The transition from vegetative to reproductive growth is a key event in the plant life cycle. Plants therefore use a variety of environmental and endogenous signals to determine the optimal time for flowering to ensure reproductive success. These signals are integrated at the shoot apical meristem (SAM), which subsequently undergoes a shift in identity and begins producing flowers rather than leaves, while still maintaining pluripotency and meristematic function. Gibberellic acid (GA), an important hormone associated with cell growth and differentiation, has been shown to promote flowering in many plant species including Arabidopsis thaliana, but the details of how spatial and temporal regulation of GAs in the SAM contribute to floral transition are poorly understood. In this study, we show that the gene GIBBERELLIC ACID METHYLTRANSFERASE 2 (GAMT2), which encodes a GA-inactivating enzyme, is significantly upregulated at the SAM during floral transition and contributes to the regulation of flowering time. Loss of GAMT2 function leads to early flowering, whereas transgenic misexpression of GAMT2 in specific regions around the SAM delays flowering. We also found that GAMT2 expression is independent of the key floral regulator LEAFY but is strongly increased by the application of exogenous GA. Our results indicate that GAMT2 is a repressor of flowering that may act as a buffer of GA levels at the SAM to help prevent premature flowering.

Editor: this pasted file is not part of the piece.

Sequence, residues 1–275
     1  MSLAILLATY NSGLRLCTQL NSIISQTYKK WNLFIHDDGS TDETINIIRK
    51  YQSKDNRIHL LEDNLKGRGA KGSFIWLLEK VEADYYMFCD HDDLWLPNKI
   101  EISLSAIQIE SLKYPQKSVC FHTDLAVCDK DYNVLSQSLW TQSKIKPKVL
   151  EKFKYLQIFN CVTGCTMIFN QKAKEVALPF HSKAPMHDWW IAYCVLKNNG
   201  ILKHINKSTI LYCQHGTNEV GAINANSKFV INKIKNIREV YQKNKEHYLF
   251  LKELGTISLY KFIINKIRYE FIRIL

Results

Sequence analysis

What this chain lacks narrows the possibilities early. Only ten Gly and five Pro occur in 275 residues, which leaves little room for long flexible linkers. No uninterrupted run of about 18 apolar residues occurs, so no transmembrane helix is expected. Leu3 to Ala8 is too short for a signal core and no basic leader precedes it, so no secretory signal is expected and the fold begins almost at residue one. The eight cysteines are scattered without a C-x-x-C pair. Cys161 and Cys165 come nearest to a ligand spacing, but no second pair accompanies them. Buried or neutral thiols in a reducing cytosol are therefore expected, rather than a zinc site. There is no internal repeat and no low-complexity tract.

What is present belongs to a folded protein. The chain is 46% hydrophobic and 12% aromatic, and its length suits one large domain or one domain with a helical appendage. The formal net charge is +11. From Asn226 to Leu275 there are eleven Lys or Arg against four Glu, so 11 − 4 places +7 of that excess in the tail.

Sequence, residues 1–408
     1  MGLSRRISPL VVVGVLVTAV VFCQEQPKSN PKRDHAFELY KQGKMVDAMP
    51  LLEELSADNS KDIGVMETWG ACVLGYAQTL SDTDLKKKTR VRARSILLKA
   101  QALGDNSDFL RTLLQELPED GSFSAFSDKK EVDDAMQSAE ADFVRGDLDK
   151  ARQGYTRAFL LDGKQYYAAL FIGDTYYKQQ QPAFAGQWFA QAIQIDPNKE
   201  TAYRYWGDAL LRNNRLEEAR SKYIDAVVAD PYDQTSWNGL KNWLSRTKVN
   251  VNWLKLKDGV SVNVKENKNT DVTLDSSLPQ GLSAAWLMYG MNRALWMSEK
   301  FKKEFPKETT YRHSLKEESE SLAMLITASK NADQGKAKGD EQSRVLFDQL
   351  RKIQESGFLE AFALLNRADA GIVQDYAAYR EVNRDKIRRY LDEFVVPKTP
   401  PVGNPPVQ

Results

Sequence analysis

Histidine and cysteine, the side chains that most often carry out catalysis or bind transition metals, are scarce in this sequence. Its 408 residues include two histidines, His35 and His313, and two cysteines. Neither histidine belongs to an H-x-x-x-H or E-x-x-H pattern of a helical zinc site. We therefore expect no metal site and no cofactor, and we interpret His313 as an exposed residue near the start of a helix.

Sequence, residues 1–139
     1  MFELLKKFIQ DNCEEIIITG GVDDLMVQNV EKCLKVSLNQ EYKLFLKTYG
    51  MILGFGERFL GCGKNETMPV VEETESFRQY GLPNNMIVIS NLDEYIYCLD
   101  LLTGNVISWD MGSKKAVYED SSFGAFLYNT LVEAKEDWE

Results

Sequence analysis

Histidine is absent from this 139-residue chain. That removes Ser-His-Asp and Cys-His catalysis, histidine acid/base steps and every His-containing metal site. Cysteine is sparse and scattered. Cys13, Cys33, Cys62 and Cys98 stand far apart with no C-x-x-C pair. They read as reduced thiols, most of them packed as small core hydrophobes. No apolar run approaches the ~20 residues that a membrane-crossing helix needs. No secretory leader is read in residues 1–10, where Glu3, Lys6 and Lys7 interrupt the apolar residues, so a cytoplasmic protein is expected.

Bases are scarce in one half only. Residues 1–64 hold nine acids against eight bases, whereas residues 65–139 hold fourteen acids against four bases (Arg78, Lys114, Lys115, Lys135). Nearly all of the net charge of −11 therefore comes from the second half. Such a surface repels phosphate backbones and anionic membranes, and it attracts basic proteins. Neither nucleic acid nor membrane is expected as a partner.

© 2020 The Authors. Physiologia Plantarum published by John Wiley & Sons Ltd on behalf of Scandinavian Plant Physiology Society.